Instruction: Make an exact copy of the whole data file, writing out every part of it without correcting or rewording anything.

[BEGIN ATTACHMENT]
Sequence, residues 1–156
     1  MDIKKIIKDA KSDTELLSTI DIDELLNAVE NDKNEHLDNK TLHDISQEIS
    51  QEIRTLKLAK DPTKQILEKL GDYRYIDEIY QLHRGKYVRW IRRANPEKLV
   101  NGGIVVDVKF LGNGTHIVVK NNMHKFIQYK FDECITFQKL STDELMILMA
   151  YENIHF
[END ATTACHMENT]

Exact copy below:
Sequence, residues 1–156
     1  MDIKKIIKDA KSDTELLSTI DIDELLNAVE NDKNEHLDNK TLHDISQEIS
    51  QEIRTLKLAK DPTKQILEKL GDYRYIDEIY QLHRGKYVRW IRRANPEKLV
   101  NGGIVVDVKF LGNGTHIVVK NNMHKFIQYK FDECITFQKL STDELMILMA
   151  YENIHF